Friday humour - December 11, 1998
From Tony at Bluehaze:
Well, it's a fairly large collection this week - and a mixture ... a few
that came in much earlier this year, and a few which just arrived over
the past couple of weeks. First up, this one from our "westerly" list
(it's has been sitting around since Easter):
A Canadian, an American Indian, and an Irishman decide to go hunting. On
their first day they draw straws to see who gets to go first. The American
Indian won and set right out.
The following morning, the American Indian returns with a dead deer
dragging behind him. Both the Canadian and the Irishman run up to him in
excitement and said, "Wow! How did you bag such a big deer?"
The American Indian smirked and said, "I found his tracks, I followed the
tracks. Bam! Shot deer."
Both of the men nodded and agreed that that was a good idea, so, on the
second day the Canadian went out and also came back the following morning
with a deer dragging behind him.
The Irishman runs up with excitement and asks, "How did you get it?"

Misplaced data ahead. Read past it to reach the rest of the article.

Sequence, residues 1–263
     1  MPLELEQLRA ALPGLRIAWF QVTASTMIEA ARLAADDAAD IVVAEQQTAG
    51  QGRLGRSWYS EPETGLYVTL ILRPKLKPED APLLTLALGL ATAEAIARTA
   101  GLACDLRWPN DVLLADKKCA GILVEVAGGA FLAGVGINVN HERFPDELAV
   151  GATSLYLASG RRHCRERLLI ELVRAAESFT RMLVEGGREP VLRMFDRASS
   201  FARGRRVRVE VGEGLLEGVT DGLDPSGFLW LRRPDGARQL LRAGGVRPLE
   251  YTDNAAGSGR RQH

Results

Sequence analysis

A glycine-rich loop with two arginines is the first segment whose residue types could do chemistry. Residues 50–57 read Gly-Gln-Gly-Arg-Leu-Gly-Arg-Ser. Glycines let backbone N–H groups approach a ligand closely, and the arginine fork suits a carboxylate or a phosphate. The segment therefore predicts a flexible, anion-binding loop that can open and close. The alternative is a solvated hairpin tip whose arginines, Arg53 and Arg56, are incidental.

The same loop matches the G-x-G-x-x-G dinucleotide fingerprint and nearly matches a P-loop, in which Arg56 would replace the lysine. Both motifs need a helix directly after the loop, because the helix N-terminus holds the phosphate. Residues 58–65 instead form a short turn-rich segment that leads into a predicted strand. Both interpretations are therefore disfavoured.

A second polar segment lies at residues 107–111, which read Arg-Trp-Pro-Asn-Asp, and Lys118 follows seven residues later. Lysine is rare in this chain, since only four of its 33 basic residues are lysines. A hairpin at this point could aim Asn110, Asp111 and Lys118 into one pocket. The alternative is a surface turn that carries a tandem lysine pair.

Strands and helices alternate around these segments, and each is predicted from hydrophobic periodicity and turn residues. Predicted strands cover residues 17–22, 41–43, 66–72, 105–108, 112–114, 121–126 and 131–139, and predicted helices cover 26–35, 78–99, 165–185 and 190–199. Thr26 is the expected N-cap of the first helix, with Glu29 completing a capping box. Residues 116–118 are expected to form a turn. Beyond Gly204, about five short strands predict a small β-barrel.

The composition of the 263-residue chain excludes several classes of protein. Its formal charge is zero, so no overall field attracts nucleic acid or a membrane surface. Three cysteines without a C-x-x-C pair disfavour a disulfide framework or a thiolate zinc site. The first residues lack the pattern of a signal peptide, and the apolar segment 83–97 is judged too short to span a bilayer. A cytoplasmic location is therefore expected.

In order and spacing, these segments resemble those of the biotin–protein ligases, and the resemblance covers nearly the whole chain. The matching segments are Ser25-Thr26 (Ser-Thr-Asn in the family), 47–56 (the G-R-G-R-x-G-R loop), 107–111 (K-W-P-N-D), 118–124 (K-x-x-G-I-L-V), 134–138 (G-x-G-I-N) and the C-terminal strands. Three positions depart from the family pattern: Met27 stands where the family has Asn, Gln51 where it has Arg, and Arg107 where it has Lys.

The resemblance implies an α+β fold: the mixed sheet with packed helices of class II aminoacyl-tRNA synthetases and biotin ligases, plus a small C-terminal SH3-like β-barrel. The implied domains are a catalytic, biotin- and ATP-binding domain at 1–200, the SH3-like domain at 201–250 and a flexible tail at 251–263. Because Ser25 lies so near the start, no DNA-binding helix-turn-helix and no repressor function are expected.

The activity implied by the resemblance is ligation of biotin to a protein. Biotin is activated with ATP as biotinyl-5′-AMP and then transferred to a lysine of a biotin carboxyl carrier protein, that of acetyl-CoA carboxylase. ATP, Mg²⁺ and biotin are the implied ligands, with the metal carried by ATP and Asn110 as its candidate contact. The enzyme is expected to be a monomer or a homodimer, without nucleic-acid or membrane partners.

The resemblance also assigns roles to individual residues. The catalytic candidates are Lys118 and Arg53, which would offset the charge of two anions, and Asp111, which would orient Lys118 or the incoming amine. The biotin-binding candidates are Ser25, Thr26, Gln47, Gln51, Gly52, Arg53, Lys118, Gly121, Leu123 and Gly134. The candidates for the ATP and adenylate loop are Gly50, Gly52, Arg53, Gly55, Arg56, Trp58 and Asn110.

The Canadian smiles and says, "I did just what the Indian said. I found
the tracks, followed the tracks and shot the deer."
The Irishman replied, "Well, I can handle dat." So off he goes with his
rifle, out to get his deer.
The following morning the Irishman returns with a broken leg, a smashed
rifle, and bloody clothes. The other men rush over to find out what
The Irishman groans, "... I did just what you said. I found the tracks,
I followed the tracks, and - BAM - I got hit by a fucking train!"
This next one's from one of our ex-ports, Kate D Hawkins (nowadays at
over Kodak, at the Coburg HQ). Kate sent a couple in recently (and as
she put it: "I like the ones where the cows talk.")